By The Associated Press
A man armed with a knife attacked people inside a French church and killed three Thursday, prompting the government to raise its security alert status to the maximum level hours before a nationwide coronavirus lockdown.
The attack in the Mediterranean city of Nice was the third in two months in France that authorities have attributed to Muslim extremists, including the beheading of a teacher. It comes during a growing furor over caricatures of the Prophet Muhammad that were republished in recent months by the satirical newspaper Charlie Hebdo — renewing vociferous debate in France and the Muslim world over the depictions that Muslims consider offensive but are protected by French free speech laws.
The French consulate in the Saudi city of Jiddah was also targeted Thursday, a man claiming allegiance to an anti-immigrant group was shot and killed by police in the southern French city of Avignon, and scattered confrontations were reported elsewhere, but it is unclear whether they were linked to the attack in Nice.
France’s anti-terrorism prosecutor opened an investigation, and President Emmanuel Macron said he would immediately increase the number of soldiers deployed to protect schools and religious sites from around 3,000 currently to 7,000.
France’s national police chief had already ordered increased security at churches and mosques earlier this week, but no police appeared to be guarding the Nice church when it was attacked, and Associated Press reporters saw no visible security forces at multiple prominent religious sites in Paris on Thursday. French churches have been ferociously attacked by extremists in recent years, and Thursday’s killings come ahead of the Roman Catholic All Saints’ holiday.
The assailant was wounded by police and hospitalized after the killings at the Notre Dame Basilica, a half-mile from the site in 2016 where another attacker plowed a truck into a Bastille Day crowd, killing dozens of people. Thursday’s attacker was believed to be acting alone, and police are not searching for other assailants, said two police officials who spoke on condition of anonymity because they were not authorized to be publicly named.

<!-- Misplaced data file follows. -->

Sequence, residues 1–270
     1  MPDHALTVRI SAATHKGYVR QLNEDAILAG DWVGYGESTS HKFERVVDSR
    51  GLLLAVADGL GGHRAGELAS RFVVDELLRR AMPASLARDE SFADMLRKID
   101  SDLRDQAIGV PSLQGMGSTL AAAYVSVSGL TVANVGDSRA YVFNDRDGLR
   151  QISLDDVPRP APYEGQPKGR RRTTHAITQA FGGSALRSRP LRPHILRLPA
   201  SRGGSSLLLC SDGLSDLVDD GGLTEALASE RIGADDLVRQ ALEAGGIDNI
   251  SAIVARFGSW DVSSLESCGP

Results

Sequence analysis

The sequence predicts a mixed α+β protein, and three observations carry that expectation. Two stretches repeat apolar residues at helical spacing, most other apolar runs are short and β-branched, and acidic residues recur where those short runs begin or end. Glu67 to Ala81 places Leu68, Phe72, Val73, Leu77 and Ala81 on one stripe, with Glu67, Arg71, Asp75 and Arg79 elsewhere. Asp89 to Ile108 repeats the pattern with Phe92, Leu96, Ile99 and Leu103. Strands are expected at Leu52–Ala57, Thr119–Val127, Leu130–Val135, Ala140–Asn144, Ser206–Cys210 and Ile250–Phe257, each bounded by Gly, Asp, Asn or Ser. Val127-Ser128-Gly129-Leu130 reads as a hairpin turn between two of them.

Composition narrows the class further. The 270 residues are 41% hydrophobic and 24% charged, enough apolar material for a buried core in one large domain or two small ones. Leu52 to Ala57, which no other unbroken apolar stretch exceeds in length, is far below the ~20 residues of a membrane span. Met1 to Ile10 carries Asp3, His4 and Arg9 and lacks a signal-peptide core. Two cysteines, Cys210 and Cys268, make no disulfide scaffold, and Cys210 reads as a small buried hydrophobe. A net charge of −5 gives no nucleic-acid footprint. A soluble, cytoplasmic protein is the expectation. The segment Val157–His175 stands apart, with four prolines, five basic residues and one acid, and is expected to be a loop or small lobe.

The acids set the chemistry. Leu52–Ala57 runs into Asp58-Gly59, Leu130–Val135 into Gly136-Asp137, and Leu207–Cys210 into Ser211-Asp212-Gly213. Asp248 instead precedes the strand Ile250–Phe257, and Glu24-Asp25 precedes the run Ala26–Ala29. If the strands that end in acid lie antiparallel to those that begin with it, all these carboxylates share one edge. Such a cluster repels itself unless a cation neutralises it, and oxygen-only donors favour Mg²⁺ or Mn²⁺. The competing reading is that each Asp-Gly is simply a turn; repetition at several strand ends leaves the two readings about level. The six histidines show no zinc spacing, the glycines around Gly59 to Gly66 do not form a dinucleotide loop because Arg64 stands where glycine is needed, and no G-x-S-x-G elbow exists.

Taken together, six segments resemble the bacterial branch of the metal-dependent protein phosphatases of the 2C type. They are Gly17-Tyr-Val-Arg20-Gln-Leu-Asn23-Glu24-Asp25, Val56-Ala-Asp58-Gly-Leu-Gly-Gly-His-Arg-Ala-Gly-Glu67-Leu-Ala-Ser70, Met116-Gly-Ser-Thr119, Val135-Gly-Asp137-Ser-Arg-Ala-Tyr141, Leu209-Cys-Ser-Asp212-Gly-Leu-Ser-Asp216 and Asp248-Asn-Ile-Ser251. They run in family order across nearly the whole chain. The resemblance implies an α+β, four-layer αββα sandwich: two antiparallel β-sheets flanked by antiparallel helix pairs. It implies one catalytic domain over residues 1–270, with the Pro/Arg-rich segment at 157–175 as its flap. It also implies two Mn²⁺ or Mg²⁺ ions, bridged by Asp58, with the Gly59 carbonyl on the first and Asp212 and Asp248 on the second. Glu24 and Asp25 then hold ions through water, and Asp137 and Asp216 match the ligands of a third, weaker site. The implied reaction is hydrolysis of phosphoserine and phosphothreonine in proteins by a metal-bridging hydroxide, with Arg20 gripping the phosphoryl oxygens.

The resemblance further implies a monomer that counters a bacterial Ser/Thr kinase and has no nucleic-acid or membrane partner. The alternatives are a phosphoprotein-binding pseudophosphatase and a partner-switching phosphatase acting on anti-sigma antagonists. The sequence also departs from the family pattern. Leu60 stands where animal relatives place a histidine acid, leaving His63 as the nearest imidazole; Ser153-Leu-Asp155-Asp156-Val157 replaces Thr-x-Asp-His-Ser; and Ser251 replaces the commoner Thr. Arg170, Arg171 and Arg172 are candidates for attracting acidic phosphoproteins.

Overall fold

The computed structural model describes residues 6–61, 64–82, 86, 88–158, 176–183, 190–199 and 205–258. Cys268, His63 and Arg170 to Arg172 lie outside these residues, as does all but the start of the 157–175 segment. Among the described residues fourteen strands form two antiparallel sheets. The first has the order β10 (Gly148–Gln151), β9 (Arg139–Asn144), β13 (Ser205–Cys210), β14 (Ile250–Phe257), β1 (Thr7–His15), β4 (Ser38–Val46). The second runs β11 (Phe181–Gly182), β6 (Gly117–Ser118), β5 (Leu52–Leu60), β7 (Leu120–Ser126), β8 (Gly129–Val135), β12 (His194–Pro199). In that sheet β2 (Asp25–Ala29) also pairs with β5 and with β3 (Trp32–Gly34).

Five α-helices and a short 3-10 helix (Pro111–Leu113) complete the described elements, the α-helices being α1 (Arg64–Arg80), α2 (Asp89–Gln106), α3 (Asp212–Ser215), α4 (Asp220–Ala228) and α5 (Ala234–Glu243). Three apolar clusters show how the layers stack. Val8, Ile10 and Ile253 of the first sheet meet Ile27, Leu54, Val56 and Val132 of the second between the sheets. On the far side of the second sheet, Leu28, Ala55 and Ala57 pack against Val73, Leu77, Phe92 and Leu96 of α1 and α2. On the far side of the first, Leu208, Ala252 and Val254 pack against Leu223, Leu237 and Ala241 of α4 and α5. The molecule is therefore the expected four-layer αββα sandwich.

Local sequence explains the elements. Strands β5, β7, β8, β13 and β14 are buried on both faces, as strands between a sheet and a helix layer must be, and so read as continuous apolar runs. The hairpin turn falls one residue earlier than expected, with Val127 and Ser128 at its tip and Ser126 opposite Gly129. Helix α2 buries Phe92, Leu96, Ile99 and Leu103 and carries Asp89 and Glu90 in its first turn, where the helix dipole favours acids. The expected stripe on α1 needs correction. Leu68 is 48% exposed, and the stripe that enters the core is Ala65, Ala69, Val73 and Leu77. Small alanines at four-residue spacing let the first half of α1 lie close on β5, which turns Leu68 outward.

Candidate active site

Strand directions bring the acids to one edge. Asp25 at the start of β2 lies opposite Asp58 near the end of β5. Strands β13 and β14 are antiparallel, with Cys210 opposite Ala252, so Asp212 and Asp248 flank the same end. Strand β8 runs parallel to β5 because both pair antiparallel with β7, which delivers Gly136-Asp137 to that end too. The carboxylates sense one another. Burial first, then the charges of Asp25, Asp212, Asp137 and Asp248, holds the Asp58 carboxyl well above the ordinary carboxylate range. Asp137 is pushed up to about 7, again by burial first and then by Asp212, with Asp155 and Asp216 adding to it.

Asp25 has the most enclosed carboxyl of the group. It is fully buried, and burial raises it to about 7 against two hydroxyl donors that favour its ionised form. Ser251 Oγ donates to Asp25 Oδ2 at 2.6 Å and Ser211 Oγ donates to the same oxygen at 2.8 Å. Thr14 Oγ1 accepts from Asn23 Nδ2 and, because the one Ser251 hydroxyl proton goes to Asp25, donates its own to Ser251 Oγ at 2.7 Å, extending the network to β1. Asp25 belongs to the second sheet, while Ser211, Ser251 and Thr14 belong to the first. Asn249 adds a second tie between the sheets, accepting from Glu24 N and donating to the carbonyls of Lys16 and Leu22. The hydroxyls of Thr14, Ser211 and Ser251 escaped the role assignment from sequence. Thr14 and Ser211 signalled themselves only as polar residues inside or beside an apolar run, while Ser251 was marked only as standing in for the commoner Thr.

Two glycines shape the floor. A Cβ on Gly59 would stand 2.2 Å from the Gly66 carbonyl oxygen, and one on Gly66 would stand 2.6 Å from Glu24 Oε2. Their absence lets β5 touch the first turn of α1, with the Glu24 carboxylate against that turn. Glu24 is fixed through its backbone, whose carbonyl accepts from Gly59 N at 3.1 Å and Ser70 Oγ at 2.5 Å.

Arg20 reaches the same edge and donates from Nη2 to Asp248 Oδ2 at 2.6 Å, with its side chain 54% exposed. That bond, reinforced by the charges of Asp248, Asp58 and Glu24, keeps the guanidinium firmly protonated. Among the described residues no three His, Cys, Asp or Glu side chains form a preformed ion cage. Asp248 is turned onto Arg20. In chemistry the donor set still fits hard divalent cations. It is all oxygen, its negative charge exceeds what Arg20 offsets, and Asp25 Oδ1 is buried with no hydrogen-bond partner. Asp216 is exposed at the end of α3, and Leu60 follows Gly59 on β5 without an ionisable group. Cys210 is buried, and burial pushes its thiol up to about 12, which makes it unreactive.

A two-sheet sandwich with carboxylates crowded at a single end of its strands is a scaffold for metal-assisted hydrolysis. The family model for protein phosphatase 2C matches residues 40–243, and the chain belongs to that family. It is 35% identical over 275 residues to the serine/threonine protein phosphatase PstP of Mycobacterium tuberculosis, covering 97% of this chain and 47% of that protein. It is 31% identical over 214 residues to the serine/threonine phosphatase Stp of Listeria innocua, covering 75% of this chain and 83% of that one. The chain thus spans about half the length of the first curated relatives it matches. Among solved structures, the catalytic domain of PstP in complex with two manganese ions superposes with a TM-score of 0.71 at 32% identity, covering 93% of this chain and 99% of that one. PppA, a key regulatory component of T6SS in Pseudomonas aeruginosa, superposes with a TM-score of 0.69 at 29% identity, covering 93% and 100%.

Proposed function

“He cried ‘Allah Akbar!’ over and over, even after he was injured,” said Nice Mayor Christian Estrosi, who confirmed a woman and a man died inside the church, while a second woman fled to a nearby bar but was mortally wounded. “The meaning of his gesture left no doubt.”
Shots punctuated the air and witnesses screamed as police stationed at the grandiose doors to the church appeared to fire at the attacker inside, according to videos obtained by The Associated Press. For a time after the attack, explosions could be heard as sappers detonated suspicious objects.
It was the third attack since Charlie Hebdo republished the caricatures in September as the trial opened for the 2015 attacks at the paper’s offices and a kosher supermarket. The gunmen in that attack claimed allegiance to the Islamic State group and al-Qaida, which both recently called anew for strikes against France.
A verdict is planned for Nov. 13, the fifth anniversary of another series of deadly Islamic State attacks in Paris.
The recent attacks come amid renewed outcry over depictions of Islam’s most revered prophet — whose birthday was marked in several countries Thursday — and the French government’s fierce defense of the right to publish and show them. Muslims have held protests in several countries and called for a boycott of French goods. Dozens of Pakistani students rallied in the capital Thursday to denounce Macron.
“With the attack against Samual Paty, it was freedom of speech that was targeted,” Prime Minister Jean Castex told lawmakers Thursday, referring to the teacher who was beheaded after showing his class caricatures of the prophet during a civics lesson. “With this attack in Nice, it is freedom of religion.”
Earlier, the lower house of parliament suspended a debate on France’s new virus restrictions and held a moment of silence for the victims. Castex rushed from the hall to a crisis center overseeing the aftermath of the Nice attack and later returned to announce the alert level increase. Macron left for Nice almost immediately.
“Very clearly, it is France which is under attack,” Macron said as he stood before the church. He added that all of France offered its support to Catholics “so that their religion can be exercised freely in our country. So that every religion can be practiced. “